Given that retinoblastoma vitreous seeds would be expected to experience exposure to a drug for only a limited period of time, which is dictated by pharmacokinetics and drug half-life in the vitreous, we next determined the in vitro IC90 of belinostat based on this empiric exposure time. The half-life of belinostat in the rabbit eye was calculated at 0.8 hours. Thus, we determined the minimum amount of WERI-Rb1 human retinoblastoma cells that would be expected to be killed following 5 half-lives of exposure (∼4 hours). The fraction of WERI-Rb1 cells still alive 7 days after this brief exposure was determined for different drug concentrations. The IC90 of WERI-Rb1 cells following a brief 4-hour exposure to belinostat was calculated at 8 µM belinostat (Fig. 2B). We then back-calculated that this minimum IC90 concentration would be achieved for a full 5 half-lives at the opposite side of the rabbit eye following intravitreal injection of ∼175 µg belinostat. 
Retinal Functional Toxicity of Various Doses of Intravitreal Belinostat Compared With Melphalan in Rabbits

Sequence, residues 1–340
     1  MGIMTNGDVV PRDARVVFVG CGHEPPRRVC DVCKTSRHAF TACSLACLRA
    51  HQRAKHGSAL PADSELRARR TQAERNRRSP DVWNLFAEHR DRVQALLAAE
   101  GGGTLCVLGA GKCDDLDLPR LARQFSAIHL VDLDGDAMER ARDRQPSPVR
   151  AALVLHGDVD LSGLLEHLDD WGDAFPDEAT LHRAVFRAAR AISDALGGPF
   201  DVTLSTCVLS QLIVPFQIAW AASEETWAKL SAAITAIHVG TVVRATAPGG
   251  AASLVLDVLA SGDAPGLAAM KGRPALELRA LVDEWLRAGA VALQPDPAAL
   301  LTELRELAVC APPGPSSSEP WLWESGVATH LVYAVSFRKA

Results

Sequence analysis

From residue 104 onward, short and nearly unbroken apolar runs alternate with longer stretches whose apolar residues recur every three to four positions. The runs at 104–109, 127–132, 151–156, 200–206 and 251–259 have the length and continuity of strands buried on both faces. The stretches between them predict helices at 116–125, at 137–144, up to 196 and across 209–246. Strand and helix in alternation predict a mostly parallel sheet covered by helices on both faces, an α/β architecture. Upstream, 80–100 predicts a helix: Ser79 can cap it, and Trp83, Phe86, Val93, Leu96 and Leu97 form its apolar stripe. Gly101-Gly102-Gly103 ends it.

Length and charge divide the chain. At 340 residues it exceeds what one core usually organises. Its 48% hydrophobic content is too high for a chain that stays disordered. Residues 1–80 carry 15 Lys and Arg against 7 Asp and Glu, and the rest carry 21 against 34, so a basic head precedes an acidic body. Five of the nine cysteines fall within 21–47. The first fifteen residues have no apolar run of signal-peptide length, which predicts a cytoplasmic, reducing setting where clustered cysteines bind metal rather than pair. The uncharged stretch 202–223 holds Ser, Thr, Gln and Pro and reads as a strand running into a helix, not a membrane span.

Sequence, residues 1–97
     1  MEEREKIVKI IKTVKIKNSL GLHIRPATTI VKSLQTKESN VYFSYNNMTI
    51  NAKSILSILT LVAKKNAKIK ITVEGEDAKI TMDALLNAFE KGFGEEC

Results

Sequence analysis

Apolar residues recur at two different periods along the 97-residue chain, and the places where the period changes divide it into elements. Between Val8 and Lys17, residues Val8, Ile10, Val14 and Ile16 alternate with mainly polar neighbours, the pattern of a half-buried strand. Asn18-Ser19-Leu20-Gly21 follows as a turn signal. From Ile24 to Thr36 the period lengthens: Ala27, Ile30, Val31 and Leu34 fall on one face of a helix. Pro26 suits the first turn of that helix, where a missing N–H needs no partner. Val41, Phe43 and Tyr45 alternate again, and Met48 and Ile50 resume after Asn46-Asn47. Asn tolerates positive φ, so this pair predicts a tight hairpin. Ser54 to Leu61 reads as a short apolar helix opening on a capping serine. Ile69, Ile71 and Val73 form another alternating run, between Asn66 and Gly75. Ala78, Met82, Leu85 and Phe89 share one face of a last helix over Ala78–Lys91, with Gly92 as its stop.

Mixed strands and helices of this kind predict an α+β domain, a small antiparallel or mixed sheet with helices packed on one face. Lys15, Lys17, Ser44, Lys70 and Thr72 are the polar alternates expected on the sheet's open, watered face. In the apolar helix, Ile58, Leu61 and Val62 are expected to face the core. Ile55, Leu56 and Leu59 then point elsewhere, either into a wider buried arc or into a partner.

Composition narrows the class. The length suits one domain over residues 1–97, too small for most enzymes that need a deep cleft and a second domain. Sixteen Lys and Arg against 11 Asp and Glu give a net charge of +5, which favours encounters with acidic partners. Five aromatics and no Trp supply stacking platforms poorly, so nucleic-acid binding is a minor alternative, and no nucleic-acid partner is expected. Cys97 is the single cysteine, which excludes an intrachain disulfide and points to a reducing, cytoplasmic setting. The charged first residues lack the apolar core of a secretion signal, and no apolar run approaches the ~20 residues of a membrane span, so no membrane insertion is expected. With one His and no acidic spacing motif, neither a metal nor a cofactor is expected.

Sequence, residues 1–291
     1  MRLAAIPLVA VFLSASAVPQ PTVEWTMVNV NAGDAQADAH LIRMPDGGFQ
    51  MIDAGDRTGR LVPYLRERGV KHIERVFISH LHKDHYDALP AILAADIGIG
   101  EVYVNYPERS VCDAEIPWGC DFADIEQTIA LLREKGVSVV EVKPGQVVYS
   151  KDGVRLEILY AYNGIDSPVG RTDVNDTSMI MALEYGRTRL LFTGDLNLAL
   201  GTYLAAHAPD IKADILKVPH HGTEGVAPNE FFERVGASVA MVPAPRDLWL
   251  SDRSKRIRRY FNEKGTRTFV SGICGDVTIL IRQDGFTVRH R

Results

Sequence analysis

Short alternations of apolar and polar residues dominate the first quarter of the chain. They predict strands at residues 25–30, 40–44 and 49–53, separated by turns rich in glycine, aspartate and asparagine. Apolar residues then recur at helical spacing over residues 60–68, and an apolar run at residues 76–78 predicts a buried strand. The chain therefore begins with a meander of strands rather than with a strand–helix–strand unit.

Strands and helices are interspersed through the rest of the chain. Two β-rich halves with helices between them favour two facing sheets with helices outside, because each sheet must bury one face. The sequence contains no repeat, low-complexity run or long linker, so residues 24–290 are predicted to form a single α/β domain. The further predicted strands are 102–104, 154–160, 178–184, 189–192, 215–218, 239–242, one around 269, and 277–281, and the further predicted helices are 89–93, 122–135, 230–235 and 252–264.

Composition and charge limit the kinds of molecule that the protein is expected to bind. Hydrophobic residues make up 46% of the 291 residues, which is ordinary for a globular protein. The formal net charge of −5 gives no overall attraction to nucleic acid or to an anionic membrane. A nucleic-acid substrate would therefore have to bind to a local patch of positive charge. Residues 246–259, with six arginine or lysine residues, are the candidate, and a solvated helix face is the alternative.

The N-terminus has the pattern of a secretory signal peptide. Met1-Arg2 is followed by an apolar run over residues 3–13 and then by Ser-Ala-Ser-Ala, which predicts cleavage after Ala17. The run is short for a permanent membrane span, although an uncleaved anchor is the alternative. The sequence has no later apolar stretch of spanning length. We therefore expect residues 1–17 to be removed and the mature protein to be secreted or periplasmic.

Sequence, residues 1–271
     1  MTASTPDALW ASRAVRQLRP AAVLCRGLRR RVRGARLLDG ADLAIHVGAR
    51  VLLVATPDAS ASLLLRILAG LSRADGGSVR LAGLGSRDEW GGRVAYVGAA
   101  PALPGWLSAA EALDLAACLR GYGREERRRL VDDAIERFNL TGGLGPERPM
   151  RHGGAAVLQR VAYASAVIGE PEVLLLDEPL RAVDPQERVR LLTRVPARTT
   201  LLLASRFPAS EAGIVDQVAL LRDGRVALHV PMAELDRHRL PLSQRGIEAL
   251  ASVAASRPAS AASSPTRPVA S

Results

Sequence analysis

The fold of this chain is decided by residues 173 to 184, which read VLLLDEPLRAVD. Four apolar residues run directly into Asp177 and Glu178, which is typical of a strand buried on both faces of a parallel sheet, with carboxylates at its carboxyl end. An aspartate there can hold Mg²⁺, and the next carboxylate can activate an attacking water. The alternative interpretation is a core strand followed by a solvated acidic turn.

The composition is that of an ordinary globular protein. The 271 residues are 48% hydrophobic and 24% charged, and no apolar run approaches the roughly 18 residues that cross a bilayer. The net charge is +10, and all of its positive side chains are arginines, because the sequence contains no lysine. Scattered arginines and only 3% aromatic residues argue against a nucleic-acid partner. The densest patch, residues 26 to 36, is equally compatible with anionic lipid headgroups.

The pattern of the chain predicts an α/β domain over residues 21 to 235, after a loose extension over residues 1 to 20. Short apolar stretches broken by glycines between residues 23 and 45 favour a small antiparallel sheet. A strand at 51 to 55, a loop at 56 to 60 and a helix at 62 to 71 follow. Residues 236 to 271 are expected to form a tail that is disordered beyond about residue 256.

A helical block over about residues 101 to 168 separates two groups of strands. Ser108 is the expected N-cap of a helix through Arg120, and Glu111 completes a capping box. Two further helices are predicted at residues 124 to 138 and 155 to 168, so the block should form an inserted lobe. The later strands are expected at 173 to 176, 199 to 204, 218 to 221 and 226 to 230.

The toxicity associated with various concentrations of belinostat was evaluated to determine the maximum tolerable dose. Doses studied included 2× IC90 (350 µg, equivalent to 700 µg in the larger human vitreous) and 4× IC90 (700 µg, equivalent to 1400 µg in humans). These belinostat doses were compared with a clinically used, effective dose of melphalan (12.5 µg in the rabbit, equivalent to 25 µg in humans), as well as to saline as a control for the repeated injection procedures. The primary quantitative outcome was ERG measurements over the course of treatment (see Methods section). 
Although the saline control groups experienced no worsening of ERG parameters, three weekly injections of melphalan caused significant worsening of almost all ERG parameters, with reductions in ERG amplitudes between 48% and 84%. These reductions were highly statistically significant (Fig. 3). When individual rabbits were examined, rather than just the averages across the melphalan cohort, we found that every melphalan-treated rabbit experienced worsening of ERG parameters, affecting a median of nine (interquartile range, 8–10) out of a total of 18 different measured parameters. Similar results were found when considering implicit time prolongation. Representative ERG tracings are available in the Supplementary Material
In contrast, rabbits treated with belinostat 350 µg (twice the dose calculated to achieve the IC90 on the opposite side of the rabbit vitreous for 5 half-lives) did not experience any statistically or clinically meaningful worsening of ERG parameters (Fig. 3). Even at 4× IC90 (700 µg, equivalent to 1400 µg in patients), only a few parameters showed signs of much milder retinal functional loss (Fig. 3). Because 350 µg (2× IC90) did not cause any retinal functional toxicity, this was determined to be the maximum tolerable dose and was used in subsequent efficacy experiments. 
Figure 3.